At my company, the normal workflow dictates that no matter how low risk a hotfix is, we never release it to a customer without fully testing it first—which usually takes at least a full day or two for even the smallest changes. That's a sound process, and every company would do well to adopt something similar. But there was this one time when an obscure bug completely blocked a customer from running our product at all, and the customer desperately needed to run the program in order to get some stored data. Waiting 2 days for a full test cycle was not an option, so we agreed to give him the fix as soon as development finished it. After all, the customer couldn't even run the program at all—our fix could hardly make things worse, not even if we were deliberately trying!
Situations like this sometimes make it necessary to bypass the workflow. That shouldn't be done without the approval of the product leader, but appropriate conditions do sometimes arise. When they do, make sure that your tracking system has a mechanism for manually bypassing states of the workflow. You want the ability to manually set the workflow state. That way, when push comes to shove, the defect tracking system won't hold you down. Implementing the ability to manually set the state is very easy technically (just set one field in the database), but make sure your GUI supports it.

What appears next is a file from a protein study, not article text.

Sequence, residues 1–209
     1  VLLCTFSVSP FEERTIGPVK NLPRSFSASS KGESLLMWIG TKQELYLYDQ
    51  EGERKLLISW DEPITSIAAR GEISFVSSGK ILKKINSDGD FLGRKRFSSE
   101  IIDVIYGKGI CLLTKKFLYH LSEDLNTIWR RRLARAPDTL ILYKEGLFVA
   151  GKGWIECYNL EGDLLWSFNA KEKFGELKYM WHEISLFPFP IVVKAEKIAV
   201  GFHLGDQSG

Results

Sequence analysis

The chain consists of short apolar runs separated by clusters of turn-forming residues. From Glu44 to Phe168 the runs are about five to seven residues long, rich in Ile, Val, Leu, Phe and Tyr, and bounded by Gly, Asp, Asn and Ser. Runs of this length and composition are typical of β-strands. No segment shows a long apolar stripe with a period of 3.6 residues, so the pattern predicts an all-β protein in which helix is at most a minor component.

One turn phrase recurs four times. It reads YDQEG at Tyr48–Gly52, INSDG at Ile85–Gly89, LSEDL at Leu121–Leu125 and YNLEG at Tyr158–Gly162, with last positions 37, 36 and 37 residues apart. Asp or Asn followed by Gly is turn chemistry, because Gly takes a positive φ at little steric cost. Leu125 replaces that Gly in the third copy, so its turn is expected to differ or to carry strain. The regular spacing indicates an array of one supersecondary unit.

Remember bounce-back PRs? That's when a developer thinks she fixed the bug, but the tester discovers the bug is actually still occurring. Bounce-backs happen surprisingly often—I've seen highly competent teams still get bounce-back rates of up to 10 percent. Sometimes, the developer misunderstood the bug description. Other times, the tester misunderstood how the program is supposed to work. Or maybe the developer really did fix a bug with one set of input, but the same bug still occurs with a different set of input.
You can reduce the problem by testing your code more before submitting it to the testers. But you'll never get away from the bounce-back problem entirely. Part of your workflow should state that only the person who discovered the bug can permanently close it. Other people can recommend the bug be closed, but only when the person who discovered the bug is satisfied can you be completely sure that the issue really is handled.
Accounting for bounce-backs in a workflow is easy. After the developer fixes a bug, the PR should not transition to the "closed" state. Instead, it should transition to an "open for testing" state so the testers can confirm whether the fix works. Assume that in many cases, the fix will be rejected and the PR will transition back to the "open for development" state. Be sure to factor this into your schedule, or else you'll miss your ship date.